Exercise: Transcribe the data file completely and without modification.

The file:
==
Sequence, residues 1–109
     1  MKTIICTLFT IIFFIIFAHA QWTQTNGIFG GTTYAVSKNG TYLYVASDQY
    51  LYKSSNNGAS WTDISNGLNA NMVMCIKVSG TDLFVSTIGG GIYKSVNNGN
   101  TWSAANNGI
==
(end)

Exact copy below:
Sequence, residues 1–109
     1  MKTIICTLFT IIFFIIFAHA QWTQTNGIFG GTTYAVSKNG TYLYVASDQY
    51  LYKSSNNGAS WTDISNGLNA NMVMCIKVSG TDLFVSTIGG GIYKSVNNGN
   101  TWSAANNGI